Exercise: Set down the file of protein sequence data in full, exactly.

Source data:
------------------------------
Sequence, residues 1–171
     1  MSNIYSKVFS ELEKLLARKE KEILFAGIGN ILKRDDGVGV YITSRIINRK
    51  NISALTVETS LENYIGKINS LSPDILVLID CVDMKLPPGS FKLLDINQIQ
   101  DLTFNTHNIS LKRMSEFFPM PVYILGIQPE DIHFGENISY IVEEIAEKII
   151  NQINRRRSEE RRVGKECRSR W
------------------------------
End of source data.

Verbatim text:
Sequence, residues 1–171
     1  MSNIYSKVFS ELEKLLARKE KEILFAGIGN ILKRDDGVGV YITSRIINRK
    51  NISALTVETS LENYIGKINS LSPDILVLID CVDMKLPPGS FKLLDINQIQ
   101  DLTFNTHNIS LKRMSEFFPM PVYILGIQPE DIHFGENISY IVEEIAEKII
   151  NQINRRRSEE RRVGKECRSR W